SDR the coming NWO Global Currency?
by Chris Campbell
Think the “one world currency” narrative is just bollocks dreamed up by wingnut conspiracy theorists?
If so, you might be severely disappointed by today’s episode. Read on at your own risk.
The unfortunate truth is this: the conspiracy theorists are spouting old news. The global currency already exists. It has for decades. Not as a potential. Not as an option. Not as an opinion. Nor as a goal or plan. But as something which is already in place. And here’s the strangest part about it: The only hold-up to the central banks rolling it out is, according to Rickards, China and her small(ish) gold reserves.
I’ll explain what I mean in one moment. But there’s something else you should know first…
Last Friday, if you recall, I had exciting revelations to share from our company party on Friday, April 17. Little to my knowledge... at about the same time I was downing my second Corona at the party... something big was happening an hour away in D.C.: Central bankers were passing around revelations of their own in one hush-hush meeting. And these revelations were, of all things, about the construction of a global currency.
Here’s what you need to know…
The meeting was conducted by one organization called The Official Monetary and Financial Institutions Forum (OMFIF). According to OMFIF’s website, this meeting was attended by “a select group of central banks and other official sector institutions.” And, says the website, the briefings took place “during the International Monetary Fund and World Bank Group spring meeting in Washington.”
And get this…
“If there’s any indication of how critical this meeting was,” Filip Kanja from Birch Gold Group wrote last week, “the European Central Bank (ECB) actually moved their scheduled meeting on monetary policy from Thursday to Wednesday just so they could be in attendance. You’d think that should be enough to get a few mainstream reporters asking questions. “Yet the mainstream media completely missed the story.”
If that doesn’t make you scratch your chin, consider the name of the meeting itself:
“Gold, the Renminbi, and the Multicurrency Reserve System.”
With a little digging, we found that it was a bit more than just newsworthy… it could be a clear signal of what’s to come this year. To prove it, we got our hands on the original briefing report, first published back in January 2013.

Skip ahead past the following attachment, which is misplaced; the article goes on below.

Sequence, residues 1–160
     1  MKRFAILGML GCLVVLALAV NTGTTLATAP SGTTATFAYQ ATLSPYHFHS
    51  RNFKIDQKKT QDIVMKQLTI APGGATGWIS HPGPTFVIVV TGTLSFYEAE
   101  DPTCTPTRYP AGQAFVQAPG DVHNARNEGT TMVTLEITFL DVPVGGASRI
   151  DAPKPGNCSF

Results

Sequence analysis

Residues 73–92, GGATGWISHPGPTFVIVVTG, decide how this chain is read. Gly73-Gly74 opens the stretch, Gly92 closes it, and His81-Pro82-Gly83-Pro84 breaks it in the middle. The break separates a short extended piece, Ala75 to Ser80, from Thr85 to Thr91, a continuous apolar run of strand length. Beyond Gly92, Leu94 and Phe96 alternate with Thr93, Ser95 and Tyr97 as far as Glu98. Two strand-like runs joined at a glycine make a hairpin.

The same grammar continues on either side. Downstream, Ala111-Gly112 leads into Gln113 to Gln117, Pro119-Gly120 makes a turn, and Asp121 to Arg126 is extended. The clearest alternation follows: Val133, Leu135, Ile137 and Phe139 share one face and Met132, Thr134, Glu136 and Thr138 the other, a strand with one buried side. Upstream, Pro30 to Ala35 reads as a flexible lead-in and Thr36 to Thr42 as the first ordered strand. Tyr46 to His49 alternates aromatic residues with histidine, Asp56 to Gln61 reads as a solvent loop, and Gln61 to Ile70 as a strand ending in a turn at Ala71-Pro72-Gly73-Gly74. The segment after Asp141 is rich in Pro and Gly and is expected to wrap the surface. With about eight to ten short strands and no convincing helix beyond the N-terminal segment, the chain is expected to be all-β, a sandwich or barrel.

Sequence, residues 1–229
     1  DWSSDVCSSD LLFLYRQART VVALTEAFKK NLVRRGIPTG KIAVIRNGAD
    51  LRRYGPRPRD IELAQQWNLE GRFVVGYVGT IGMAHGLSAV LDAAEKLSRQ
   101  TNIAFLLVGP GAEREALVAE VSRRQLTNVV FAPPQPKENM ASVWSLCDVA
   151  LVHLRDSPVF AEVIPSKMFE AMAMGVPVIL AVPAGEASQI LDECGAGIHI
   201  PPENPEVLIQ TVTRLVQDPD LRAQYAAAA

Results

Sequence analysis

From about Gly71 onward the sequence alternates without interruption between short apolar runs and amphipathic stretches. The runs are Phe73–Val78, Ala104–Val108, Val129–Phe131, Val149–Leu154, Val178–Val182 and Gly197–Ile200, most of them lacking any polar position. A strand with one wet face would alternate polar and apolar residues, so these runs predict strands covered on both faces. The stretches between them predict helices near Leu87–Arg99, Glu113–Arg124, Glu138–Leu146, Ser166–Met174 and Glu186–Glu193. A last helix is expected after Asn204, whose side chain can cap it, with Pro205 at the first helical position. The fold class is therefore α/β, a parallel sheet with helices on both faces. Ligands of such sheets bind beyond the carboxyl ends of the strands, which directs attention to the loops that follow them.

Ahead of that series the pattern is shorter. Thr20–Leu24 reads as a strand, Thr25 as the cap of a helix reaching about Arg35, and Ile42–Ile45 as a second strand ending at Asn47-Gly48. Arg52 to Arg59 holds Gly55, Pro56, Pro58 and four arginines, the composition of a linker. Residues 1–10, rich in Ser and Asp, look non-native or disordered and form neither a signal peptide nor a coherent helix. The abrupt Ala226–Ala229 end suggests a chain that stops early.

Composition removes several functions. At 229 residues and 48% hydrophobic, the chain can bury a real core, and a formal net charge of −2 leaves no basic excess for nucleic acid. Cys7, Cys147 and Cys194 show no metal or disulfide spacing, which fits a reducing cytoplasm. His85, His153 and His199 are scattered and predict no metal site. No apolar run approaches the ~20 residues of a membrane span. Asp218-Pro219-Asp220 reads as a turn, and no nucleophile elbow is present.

I’ll share the link to the entire document with you in just a moment. First, though, Jim is going to explain how this one world currency plan will play out. And show you how it ties into seemingly-unrelated global events you read about every day.
“Since Federal Reserve resources were barely able to prevent complete collapse in 2008,” Rickards writes in his New York Times best-seller, The Death of Money, “it should be expected that an even larger collapse will overwhelm the Fed’s balance sheet.”
Everyone knows that the powers-that-be never allow a good crisis go to waste. That’s why, when the next bust takes place -- without missing a beat -- the global currency will slide in like a cool Tom Cruise in Risky Business. Rickards goes on:
“The specter of the sovereign debt crisis suggests the urgency for new liquidity sources, bigger than those that central banks can provide, the next time a liquidity crisis strikes. The logic leads quickly from one world to one bank to one currency for the planet.”
This one world currency, to no one’s surprise, was created within the walls of the IMF. In 2010, in just one example, the IMF released a paper titled, “Reserve Accumulation and International Monetary Stability.” In this paper, the organization recommends the entire world adopt one global currency called the “Bancor,” an idea inspired by the economist John Maynard Keynes. It also proposed that one global central bank administer this currency. (Hmmm… wonder who that might end up being…)
To ensure the plan works out, all the IMF has to do is stand in the right place with its glove out when the dollar starts to crash. “The task of re-liquefying the world,” Jim Rickards goes on, “will fall to the IMF because the IMF will have the only clean balance sheet left among official institutions. The IMF will rise to the occasion with a towering issuance of SDRs, and this monetary operation will effectively end the dollar’s role as the leading reserve currency.”
SDR, if you don’t know, is shorthand for “special drawing rights.”
“The name is cryptic,” our executive director Addison Wiggin wrote in the Daily Reckoning a few months back.“ The mechanism will prove far more inscrutable than the Fed’s alphabet-soup bailout programs in 2008. But the objective will be the same… to print money in the interest of keeping a rotten system functioning.
“Boiled down to its essence,” Addison says, “the SDR is a kind of super money printed by the IMF and then circulated among central banks and governments. Indeed, the IMF has issued SDRs three times since their creation more than 40 years ago. Each time was linked to a crisis of confidence in the U.S. dollar…
1969: “The French and others recognized the United States was printing too many dollars. At the time, foreigners could still exchange dollars for gold, and there was a run on Fort Knox. The IMF created the SDR to smooth the rough monetary seas, issuing 9.3 billion SDRs through 1972.”
1979: “U.S. inflation soared out of control, past 14%. Oil-producing countries fretted the value of their dollar reserves was plunging. The IMF issued 12.1 billion SDRs through 1981.”
2009: “In response to the Panic of 2008, the IMF issued 182.7 billion SDRs during August and September.”
And here’s how the SDR “works,” as explained by Jim: “Any inflation caused by massive SDR issuance would not be immediately apparent to citizens. The inflation would show up eventually in dollars, yen and euros at the gas pump or the grocery, but national central banks could deny responsibility with ease and point a finger at the IMF.”
But, as one design upgrade, the IMF may back the SDR, fractionally, with gold…
“Since the SDR already exists,” Rickards says, “it is a perfectly suitable candidate for new global money. But this new SDR would be gold backed and freely convertible into gold or the local currency of any participant in the system. It would not be the paper SDR that exists today.